Fitch Ratings, one of the three major credit-rating agencies, announced on Tuesday that it has downgraded the U.S. long-term debt rating from AAA to AA+. This means that Fitch believes the U.S. government is less likely to repay its debts in full and on time, which could increase the borrowing costs for the U.S. and affect its economic stability.
Fitch cited several reasons for the downgrade, including the repeated political standoffs over raising the debt limit, the high and rising public debt burden, the erosion of governance standards, and the uncertain fiscal outlook amid the Covid-19 pandemic. Fitch also warned that further downgrades are possible if the U.S. fails to address its fiscal challenges and restore confidence in its creditworthiness.
The downgrade comes only two months after President Joe Biden and House Republicans reached a last-minute deal to suspend the debt ceiling until January 2025, avoiding a potential default that could have triggered a global financial crisis. The deal was signed on June 2, just three days before the U.S. Treasury said it could run out of money to pay its bills.
How markets reacted to the news?
The news of the downgrade did not seem to have a significant impact on the financial markets, as investors had already anticipated the possibility of a lower credit rating for the U.S. The U.S. stock futures pointed to a weaker open on Wednesday, but recovered some of their losses later in the day. The Dow Jones Industrial Average closed down 0.2%, while the S&P 500 and the Nasdaq Composite ended slightly higher.
The U.S. Treasury market also showed little reaction to the downgrade, as demand for U.S. government bonds remained strong. The yield on the 10-year Treasury note, which moves inversely to its price, fell slightly to 1.18% on Wednesday, near its lowest level since February. Investors still view U.S. Treasuries as a safe haven asset, especially amid the rising concerns over the Delta variant of Covid-19 and its impact on global growth.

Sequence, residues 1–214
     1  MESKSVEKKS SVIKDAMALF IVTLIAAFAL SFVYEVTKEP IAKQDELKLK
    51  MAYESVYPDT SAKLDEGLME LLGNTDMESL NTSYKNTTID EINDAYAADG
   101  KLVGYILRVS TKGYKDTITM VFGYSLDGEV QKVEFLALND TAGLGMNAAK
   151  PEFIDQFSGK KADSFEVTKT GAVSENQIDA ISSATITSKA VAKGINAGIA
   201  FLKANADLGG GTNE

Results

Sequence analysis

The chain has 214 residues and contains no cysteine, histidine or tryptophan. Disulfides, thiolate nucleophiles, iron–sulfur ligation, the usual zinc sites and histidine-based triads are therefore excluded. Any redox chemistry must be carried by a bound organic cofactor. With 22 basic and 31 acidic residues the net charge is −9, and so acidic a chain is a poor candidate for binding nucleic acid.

The U.S. dollar, however, weakened against other major currencies after the downgrade, as investors worried about the implications of a lower credit rating for the world’s reserve currency. The dollar index, which measures the greenback’s value against a basket of six other currencies, fell 0.4% on Wednesday to 91.9, its lowest level since June.
Why gold may benefit from the downgrade?
One asset that may benefit from the downgrade is gold, which is often seen as a hedge against inflation, currency devaluation, and geopolitical risks. Gold prices rose 0.6% on Wednesday to $1,814 per ounce, as investors sought refuge in the precious metal amid the uncertainty over the U.S. debt situation and its global ramifications.
Gold has historically performed well during periods of lower U.S. credit ratings or debt ceiling crises. For instance, in 2011, when Standard & Poor’s downgraded the U.S. debt rating for the first time in history, gold prices surged to a record high of $1,921 per ounce in September of that year. Similarly, in 2013, when Fitch placed the U.S. debt rating on negative watch due to another debt ceiling impasse, gold prices rose 8% in October of that year.
According to some analysts, gold may have more room to rally in the coming months, as the downgrade could trigger more demand for gold from central banks and institutional investors who are looking for alternative assets to diversify their portfolios. Moreover, gold may also benefit from other supportive factors, such as low interest rates, high inflation expectations, and rising geopolitical tensions.